10 Cinematographers to Watch 2013: Eigil Bryld

For a cinematographer looking to get a leg up on the competition, there are few calling cards more impressive than David Fincher, whose stylish thrillers have provided more than a few d.p.’s with highlight-reel material that can’t be ignored.

And for Eigil Bryld, who recently shot the bulk of the first season of “House of Cards,” the political drama developed by Fincher, Kevin Spacey and Beau Willimon, he experienced the added benefit of Fincher directing the first two installments.

“Of course I have a sensibility — I try to make sure that the camera is always in the action, with a sense of naturalism and intimacy — but it’s important to try to break away from what you like,” says Bryld. “On ‘House of Cards’ our approach was to give each frame as much volume, power and darkness as possible. Everything was very composed, with no zooms, no Steadicam and no handheld. I enjoyed working with David. Nothing is convoluted, and he expects everyone to be frank with him as well.”

Bryld grew up in a small town in Denmark, aspiring to make politically themed documentaries. That led to Gwent College in Wales, where he became interested in narrative filmmaking. After graduation, he began shooting projects for Lars von Trier’s Zentropa. Later, “Wisconsin Death Trip” garnered some notice, and Bryld broke into the mainstream with “In Bruges.” His other credits include “Crime and Punishment,” “Kinky Boots” and David Chase’s feature directing debut, “Not Fade Away,” about an aspiring ’60s rock band inspired by the British Invasion.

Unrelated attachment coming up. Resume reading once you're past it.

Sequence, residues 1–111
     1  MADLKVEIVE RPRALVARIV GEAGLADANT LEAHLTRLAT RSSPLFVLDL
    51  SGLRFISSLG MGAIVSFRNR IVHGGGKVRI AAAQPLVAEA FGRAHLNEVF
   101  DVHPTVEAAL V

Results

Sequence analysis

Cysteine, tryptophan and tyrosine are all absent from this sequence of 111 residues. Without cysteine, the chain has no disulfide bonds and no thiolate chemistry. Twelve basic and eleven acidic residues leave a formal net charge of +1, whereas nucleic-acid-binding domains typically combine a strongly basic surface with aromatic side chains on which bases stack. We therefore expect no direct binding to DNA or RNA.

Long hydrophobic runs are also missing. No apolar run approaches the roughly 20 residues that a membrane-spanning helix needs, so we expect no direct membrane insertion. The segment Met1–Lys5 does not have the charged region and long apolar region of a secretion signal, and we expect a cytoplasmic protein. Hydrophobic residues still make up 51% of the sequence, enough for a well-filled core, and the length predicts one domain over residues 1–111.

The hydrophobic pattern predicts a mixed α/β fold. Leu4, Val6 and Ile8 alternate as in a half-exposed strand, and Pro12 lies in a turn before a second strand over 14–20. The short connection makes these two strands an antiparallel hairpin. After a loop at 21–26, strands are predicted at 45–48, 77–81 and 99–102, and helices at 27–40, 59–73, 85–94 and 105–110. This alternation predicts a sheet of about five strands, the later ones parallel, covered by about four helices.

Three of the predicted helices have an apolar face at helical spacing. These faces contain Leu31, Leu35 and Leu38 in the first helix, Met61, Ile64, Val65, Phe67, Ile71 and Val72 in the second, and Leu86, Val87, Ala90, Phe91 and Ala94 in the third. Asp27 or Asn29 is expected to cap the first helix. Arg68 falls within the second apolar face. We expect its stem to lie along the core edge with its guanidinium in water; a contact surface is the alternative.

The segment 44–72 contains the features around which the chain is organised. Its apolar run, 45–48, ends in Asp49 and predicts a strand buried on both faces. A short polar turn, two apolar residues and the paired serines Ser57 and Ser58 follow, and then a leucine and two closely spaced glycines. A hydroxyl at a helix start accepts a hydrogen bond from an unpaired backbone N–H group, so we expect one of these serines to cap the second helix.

His work on “You Don’t Know Jack” for director Barry Levinson brought him an Emmy nomination in 2010.

After his stint on “House of Cards,” Bryld is shooting commercials and looking at feature scripts.

“I could see myself doing something very small and obscure, or something more elaborate and ambitious,” he says. “I never thought I’d do episodic, but ‘House of Cards’ was a good excuse to break that rule. It’s tough and demanding, but people are doing some amazing, groundbreaking things for television today, and the audiences can be very big. But it’s the quality of material that gets one excited. I’m trying to be patient.”

Favorite tool: “My eyes. Both open and closed.”

Inspirations: “Gordon Willis, Nestor Almendros, Krzysztof Kieslowski and Slawomir Idziak — these artists created intimate, poetic images with a sense of mystery, something profound and dreamlike, where light bleeds out of darkness.”

Representation: The Skouras Agency

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